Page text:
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Thermal energy

In thermal physics, thermal energy is the energy portion of a system that increases with its temperature. In a loose sense, "thermal energy" is a term often used to describe the energy content of a system related to heating effects, e.g. temperature increase or decrease. In thermodynamics, thermal energy is the internal energy present in a system in a state of thermodynamic equilibrium by virtue of its temperature.[1] The term is not widely used, however, in a rigorous sense, owing to the result that the phrase "thermal (heat) energy" is counter-intuitive. That is, heat can only be defined as any spontaneous flow of energy (energy in transit) from one object to another, caused by a difference in temperature between two objects; thus, an object cannot possess "heat".[2] This is explained by the second law of thermodynamics. Hence, by extrapolation, it is difficult to define quantities of heat energy (thermal energy). In isolated cases, however, a few definitions do exist.


Internal energy

Internal energy – the sum of all microscopic forms of energy of a system. It is related to the molecular structure and the degree of molecular activity and may be viewed as the sum of kinetic and potential energies of the molecules; it consists of the following types of energies:[3]

Type Composition of Internal Energy (U)
Sensible energy the portion of the internal energy of a system associated with kinetic energies (molecular translation, rotation, and vibration; electron translation and spin; and nuclear spin) of the molecules.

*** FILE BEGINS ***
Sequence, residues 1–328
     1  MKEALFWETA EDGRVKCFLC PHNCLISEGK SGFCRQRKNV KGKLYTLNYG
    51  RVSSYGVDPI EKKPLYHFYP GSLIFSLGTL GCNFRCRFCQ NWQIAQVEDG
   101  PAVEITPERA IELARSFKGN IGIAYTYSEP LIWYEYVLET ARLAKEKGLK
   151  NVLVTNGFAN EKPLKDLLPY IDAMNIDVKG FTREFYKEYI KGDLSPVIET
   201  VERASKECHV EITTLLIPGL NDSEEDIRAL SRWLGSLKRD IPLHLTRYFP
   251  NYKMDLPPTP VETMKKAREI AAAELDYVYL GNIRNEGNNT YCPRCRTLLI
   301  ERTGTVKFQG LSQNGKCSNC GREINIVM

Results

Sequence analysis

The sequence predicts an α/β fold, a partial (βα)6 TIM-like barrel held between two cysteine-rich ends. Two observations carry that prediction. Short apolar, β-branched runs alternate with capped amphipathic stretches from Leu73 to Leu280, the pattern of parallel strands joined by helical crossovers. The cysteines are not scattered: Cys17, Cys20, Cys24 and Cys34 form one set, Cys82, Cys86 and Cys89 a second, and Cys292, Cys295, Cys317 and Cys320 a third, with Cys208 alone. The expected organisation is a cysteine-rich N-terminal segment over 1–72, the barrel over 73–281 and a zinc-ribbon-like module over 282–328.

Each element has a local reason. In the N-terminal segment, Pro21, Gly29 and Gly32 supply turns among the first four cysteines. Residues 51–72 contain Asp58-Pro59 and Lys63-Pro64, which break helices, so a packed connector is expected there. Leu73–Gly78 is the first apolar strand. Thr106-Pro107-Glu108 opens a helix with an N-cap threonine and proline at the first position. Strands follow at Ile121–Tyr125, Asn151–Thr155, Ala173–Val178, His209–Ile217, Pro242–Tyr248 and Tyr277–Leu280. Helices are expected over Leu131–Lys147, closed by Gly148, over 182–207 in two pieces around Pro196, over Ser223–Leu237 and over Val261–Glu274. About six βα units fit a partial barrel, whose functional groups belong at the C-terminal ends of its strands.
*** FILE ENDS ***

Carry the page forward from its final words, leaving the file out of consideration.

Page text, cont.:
Latent energy the internal energy associated with the phase (i.e. solid, liquid, or gas), of a system/material.
Chemical energy the internal energy associated with the atomic bonds in a molecule.
Nuclear energy the tremendous amount of energy associated with the strong bonds within the nucleus of the atom itself.
Energy interactions those types of energies not stored in the system (e.g. heat transfer, mass transfer, and work), but which are recognized at the system boundary as they cross it, which represent gains or losses by a system during a process.
Thermal energy the sum of sensible and latent forms of internal energy.


System of N particles

According to the equipartition theorem, it is possible to define thermal energy. In a system of N molecules, each with f degrees of freedom, and if there are no other (non-quadratic) temperature-dependent forms of energy, then the total thermal energy of the system is:[2]

U_{thermal} = N \cdot f \cdot \frac{1}{2}kT.

To note, Uthermal is almost never the total energy of a system; for instance, there can be static energy that doesn't change with temperature, such as bond energy or rest energy (E=mc2).

Other definitions

Thermal energy per particle is also called the average translational kinetic energy possessed by free particles given by equipartition of energy.[4]

Thermal energy is the difference between the internal energy of an object and the amount that it would have at absolute zero.[citation needed] It includes the quantity of kinetic energy due to the motion of the internal particles of an object, and is increased by heating and reduced by cooling.

In a monatomic ideal gas, the thermal energy is exactly given by the kinetic energy of the constituent particles.[citation needed]

See also


  1. ^ Thermal energy - Britannica
  2. ^ a b Schroeder, Daniel, R. (2000). Thermal Physics. New York: Addison Wesley Longman. ISBN 0201380277. 
  3. ^ Cengel, Yungus, A.; Boles, Michael (2002). Thermodynamics - An Engineering Approach, 4th ed.. McGraw-Hill, 17-18. ISBN 0-07-238332-1. 
  4. ^ Thermal energy – Hyperphysics
This article is licensed under the GNU Free Documentation License. It uses material from the Wikipedia article "Thermal_energy". A list of authors is available in Wikipedia.
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